June has brought opportunities to be particularly present with each of our three major mission partners. Read about the experiences of Dr. Barbara Edwards in Malawi with Villages in Partnership, and about 30 of Nassau’s members and friends who worshiped on Pentecost Sunday with the Westminster Presbyterian Church in Trenton. Our third partner, Cetana in Myanmar, was present in spirit as their board met on our third floor over Memorial Day weekend , beautifully hosted and fed by Nassau’s Susan and Michael Jennings. All these encounters emphasize the major characteristic of partnerships that thrive – strongly nurtured relationships. Look for the signs!
As always, we welcome your questions, suggestions, and support as we seek to deepen our commitments beyond the Nassau Church community.
For the Mission & Outreach Committee,
Joyce MacKichan Walker, staff
Mission Partnership Quarterly Email Newsletter
Updates and events from our local and global mission partners. Four issues annually. Sign up to receive these updates in your email.
Update from Villages in Partnership
by Barbara Edwards
Every year the Allentown NJ based non-profit Villages in Partnership sends a medical team to Malawi. This year’s 28 person team, largely composed of doctors, nurses and nursing students, treated over 5000 patients in the deeply impoverished villages of Malawi from May 9-20. I represented Nassau Presbyterian Church as a member of this year’s team. Among other amazing experiences we spent a day away from the clinics and at local primary schools:
Wednesday was a great, fun, exhausting day. I think we are all a bit tired from everything we’ve already done this week. We never stop moving here but it is always interesting and fun. Wednesday most of the group went to visit local primary schools. They helped to clean the schools by sweeping with the local homemade brooms (made with small branches held together in your hand) and then mopping with old t-shirts on their hands and knees. Then they went to visit the classrooms where they spoke with the students. The students had lots of questions such as, “What do you eat in America? What do you do for fun? How many languages do you speak? Do you have HIV/AIDS in America? Did you bring a car over with you on the plane?”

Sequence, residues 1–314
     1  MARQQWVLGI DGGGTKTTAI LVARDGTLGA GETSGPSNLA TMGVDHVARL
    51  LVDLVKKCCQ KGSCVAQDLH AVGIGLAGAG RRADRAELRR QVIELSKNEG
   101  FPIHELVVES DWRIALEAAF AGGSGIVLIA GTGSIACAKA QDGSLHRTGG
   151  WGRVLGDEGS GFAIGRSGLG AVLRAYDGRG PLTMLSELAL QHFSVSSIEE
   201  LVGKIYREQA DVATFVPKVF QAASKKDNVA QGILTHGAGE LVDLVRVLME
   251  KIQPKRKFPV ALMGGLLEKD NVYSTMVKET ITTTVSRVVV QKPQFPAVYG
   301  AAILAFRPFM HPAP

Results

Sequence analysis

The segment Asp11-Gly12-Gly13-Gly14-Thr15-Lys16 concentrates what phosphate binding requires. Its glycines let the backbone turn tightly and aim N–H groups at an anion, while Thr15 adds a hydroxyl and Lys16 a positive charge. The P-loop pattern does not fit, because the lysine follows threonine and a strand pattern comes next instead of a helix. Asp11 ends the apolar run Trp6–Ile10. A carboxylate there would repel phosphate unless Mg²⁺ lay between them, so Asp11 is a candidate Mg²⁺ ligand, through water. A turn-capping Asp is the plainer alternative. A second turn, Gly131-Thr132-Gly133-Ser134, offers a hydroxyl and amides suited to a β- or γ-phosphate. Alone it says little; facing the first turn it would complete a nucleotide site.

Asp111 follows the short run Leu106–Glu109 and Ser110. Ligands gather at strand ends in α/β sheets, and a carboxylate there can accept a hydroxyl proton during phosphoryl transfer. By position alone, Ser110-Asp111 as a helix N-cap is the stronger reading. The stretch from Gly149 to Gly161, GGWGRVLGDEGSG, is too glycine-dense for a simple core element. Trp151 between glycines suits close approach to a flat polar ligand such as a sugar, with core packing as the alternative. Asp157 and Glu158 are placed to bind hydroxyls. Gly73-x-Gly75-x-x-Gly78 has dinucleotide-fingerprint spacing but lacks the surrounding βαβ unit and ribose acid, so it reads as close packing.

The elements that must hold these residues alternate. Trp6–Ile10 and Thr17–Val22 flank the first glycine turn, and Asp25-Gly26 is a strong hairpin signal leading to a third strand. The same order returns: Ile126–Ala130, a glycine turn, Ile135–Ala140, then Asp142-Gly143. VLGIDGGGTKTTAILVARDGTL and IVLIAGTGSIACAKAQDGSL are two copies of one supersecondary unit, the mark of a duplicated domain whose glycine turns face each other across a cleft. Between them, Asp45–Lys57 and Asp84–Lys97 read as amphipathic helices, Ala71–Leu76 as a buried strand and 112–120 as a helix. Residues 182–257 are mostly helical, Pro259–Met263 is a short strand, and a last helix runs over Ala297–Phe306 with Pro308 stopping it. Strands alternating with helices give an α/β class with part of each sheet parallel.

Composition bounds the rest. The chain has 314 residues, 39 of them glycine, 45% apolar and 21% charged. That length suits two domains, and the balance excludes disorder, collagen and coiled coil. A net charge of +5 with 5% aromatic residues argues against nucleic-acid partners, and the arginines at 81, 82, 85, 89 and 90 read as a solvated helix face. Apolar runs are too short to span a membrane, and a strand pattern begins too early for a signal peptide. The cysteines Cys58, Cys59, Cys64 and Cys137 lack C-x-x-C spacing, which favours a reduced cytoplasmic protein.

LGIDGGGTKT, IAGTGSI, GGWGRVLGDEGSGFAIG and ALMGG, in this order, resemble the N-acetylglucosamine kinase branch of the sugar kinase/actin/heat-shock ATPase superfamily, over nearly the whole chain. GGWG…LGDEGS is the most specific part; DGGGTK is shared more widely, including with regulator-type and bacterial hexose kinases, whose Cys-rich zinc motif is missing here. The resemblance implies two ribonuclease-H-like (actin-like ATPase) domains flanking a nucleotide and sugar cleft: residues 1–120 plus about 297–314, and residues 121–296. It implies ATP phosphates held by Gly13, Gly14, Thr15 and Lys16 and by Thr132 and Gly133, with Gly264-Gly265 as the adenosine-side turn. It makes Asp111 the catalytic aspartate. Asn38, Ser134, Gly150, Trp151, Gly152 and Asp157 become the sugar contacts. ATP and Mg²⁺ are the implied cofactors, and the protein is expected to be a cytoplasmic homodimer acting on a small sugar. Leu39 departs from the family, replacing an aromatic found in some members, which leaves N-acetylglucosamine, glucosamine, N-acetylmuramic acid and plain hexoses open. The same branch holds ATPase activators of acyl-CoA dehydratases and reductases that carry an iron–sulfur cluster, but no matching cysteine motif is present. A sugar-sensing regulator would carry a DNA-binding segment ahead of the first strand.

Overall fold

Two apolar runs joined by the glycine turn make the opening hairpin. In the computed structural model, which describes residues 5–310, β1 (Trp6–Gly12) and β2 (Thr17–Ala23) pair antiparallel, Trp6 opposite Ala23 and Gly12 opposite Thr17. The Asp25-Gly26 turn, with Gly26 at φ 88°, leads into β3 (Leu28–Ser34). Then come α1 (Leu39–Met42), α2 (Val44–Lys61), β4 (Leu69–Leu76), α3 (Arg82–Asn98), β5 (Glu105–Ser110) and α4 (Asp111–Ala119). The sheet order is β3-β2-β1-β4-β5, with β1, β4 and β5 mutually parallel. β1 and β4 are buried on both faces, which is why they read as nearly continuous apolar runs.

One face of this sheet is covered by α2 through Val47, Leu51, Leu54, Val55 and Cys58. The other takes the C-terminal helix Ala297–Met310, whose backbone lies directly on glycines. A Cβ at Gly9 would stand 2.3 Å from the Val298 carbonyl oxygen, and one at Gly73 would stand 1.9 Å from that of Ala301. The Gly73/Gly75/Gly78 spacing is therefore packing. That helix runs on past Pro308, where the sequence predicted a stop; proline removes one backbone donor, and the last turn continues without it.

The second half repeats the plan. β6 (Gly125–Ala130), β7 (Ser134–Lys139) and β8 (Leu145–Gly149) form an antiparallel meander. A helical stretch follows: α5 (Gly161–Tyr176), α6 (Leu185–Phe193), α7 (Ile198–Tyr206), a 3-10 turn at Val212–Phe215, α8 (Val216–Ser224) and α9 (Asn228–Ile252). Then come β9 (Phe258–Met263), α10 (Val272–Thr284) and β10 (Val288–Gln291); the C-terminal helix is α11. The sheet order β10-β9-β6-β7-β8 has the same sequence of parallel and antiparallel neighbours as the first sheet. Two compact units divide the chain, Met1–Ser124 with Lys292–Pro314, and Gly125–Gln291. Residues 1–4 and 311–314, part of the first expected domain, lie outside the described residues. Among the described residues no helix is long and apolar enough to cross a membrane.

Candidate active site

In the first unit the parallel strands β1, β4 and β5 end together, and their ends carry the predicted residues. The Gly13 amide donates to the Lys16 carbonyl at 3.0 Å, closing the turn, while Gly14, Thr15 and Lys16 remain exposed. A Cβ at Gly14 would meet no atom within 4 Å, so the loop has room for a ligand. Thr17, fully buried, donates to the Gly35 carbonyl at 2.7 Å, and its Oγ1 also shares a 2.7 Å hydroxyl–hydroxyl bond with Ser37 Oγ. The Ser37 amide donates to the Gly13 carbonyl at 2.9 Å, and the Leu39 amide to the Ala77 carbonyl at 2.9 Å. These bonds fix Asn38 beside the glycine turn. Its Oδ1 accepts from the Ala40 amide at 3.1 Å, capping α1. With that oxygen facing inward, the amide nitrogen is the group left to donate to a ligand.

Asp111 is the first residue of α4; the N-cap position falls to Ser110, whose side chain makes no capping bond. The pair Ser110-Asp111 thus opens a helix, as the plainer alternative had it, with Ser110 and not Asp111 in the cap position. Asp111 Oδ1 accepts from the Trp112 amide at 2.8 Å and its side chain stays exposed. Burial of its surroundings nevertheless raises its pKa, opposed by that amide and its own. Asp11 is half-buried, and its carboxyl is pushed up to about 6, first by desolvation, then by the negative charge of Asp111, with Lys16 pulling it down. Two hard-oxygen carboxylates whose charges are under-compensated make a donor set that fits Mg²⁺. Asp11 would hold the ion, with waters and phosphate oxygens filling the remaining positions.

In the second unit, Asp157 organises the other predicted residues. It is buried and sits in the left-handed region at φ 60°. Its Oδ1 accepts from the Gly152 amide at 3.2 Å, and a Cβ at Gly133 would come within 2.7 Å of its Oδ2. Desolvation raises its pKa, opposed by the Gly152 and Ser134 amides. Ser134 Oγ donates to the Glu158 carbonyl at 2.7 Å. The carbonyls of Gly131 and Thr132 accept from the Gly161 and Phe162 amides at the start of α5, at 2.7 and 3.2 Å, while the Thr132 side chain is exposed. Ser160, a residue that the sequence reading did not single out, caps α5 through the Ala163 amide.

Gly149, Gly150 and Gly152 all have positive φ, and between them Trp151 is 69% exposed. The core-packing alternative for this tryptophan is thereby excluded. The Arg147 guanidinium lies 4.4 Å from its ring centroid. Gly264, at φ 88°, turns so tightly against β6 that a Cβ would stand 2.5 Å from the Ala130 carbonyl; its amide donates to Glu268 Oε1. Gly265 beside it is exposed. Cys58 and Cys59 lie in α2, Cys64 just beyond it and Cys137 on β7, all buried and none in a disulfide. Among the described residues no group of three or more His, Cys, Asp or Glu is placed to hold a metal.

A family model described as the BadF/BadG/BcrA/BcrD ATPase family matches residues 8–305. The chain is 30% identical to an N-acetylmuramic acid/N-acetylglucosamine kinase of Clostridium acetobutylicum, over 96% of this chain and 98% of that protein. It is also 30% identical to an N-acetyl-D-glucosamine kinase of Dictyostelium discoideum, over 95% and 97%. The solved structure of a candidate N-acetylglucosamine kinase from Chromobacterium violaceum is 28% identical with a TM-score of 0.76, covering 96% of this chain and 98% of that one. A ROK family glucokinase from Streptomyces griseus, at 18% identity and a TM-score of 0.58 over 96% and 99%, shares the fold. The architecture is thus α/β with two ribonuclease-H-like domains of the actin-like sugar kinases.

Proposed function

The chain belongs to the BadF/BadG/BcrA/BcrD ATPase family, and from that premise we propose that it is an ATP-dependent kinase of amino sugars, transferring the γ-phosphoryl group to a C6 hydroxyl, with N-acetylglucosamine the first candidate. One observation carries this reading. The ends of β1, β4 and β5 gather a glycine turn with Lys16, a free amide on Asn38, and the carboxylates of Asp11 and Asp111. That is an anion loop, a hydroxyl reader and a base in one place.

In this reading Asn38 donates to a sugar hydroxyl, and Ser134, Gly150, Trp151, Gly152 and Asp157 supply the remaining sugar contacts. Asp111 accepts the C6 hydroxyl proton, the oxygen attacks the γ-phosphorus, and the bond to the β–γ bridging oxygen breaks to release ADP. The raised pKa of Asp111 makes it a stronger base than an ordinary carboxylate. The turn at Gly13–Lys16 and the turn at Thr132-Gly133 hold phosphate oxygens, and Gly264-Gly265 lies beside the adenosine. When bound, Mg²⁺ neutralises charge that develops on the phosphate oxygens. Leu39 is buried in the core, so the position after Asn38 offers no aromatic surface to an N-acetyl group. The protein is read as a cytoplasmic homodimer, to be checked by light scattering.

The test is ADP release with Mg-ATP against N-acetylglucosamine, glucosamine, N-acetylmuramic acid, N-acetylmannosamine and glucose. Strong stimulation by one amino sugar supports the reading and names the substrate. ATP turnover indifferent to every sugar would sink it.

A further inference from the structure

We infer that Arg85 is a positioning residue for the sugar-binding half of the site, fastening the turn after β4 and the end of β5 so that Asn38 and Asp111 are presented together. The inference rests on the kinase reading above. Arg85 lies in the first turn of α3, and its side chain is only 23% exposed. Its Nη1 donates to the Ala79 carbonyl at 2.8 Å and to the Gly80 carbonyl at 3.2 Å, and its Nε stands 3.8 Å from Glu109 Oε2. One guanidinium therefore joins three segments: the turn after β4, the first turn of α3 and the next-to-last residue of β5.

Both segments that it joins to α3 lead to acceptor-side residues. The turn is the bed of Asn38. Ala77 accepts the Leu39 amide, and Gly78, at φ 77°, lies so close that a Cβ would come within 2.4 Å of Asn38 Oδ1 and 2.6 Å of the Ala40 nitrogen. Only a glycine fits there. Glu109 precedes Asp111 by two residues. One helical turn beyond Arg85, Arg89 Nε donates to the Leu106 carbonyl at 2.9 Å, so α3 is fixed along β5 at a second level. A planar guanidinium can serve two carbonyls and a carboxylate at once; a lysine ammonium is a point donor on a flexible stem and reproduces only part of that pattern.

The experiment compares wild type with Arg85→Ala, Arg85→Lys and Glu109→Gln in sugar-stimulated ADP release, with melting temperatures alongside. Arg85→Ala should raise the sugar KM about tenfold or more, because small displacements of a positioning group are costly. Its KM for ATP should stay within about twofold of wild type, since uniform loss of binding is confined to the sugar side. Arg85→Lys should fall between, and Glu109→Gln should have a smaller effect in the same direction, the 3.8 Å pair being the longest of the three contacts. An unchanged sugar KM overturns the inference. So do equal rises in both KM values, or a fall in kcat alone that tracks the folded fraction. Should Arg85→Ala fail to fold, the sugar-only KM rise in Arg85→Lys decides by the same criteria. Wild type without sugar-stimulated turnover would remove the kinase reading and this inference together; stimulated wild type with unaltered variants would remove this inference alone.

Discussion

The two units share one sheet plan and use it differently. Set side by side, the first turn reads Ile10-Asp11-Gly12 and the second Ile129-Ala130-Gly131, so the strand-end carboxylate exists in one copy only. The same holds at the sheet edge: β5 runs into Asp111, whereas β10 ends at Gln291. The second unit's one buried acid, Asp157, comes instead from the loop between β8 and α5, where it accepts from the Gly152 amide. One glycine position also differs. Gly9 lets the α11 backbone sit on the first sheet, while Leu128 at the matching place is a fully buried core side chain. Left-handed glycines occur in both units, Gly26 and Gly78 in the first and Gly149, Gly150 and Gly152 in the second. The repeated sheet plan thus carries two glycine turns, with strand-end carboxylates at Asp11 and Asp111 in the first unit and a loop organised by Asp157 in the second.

While they were at the schools, a few of us went to a village to help cook our lunch. We prepared a large community meal for well over 100 people. We cooked outside under the trees over small fires that they built between bricks. They used corn cobs, sticks and corn stalks for fuel. We chopped greens, shelled peas, pole beans, and ground nuts (peanuts). We ground up the peanuts with a giant mortar and pestle and added them to the food. They also roasted peanuts and ground that up for the most delicious peanut butter I have ever tasted. We fetched water from the well and carried it back to the cooking area about 200 yards on our heads! We also helped to cook nsima, the local version of cooked cornmeal. With the nsima we made “relishes” that are eaten alongside mustard greens, pumpkin leaves, and sweet potato leaves cooked with tomatoes and ground nuts, okra, pigeon peas, and goat cooked with tomatoes. All the food was delicious! We sat on the ground in groups of 3-4 and ate out of shared bowls using our right hand. Yes, we wash our hands beforehand by pouring water from a cup over them. After the meal we all thanked the village and the chief for providing such a wonderful meal for us! We all feel blessed to be here.
We are looking forward to continuing our work with VIP and will keep you updated as to how you may become involved. Any questions? Please contact Loretta Wells at email@example.com.
Update from Cetana Educational Foundation
by Sue Jennings
Nassau members will have a chance to see firsthand the work of our mission partner Cetana if they join a trip to Myanmar/Burma in January 2018. This will be the third trip since the Nassau/Cetana partnership began four years ago. This time participants will travel to Kanpetlet in Chin state where Nassau is supporting a teacher training project. Joyce MacKichan Walker traveled there with Sue Jennings this past January to get an overview of the project.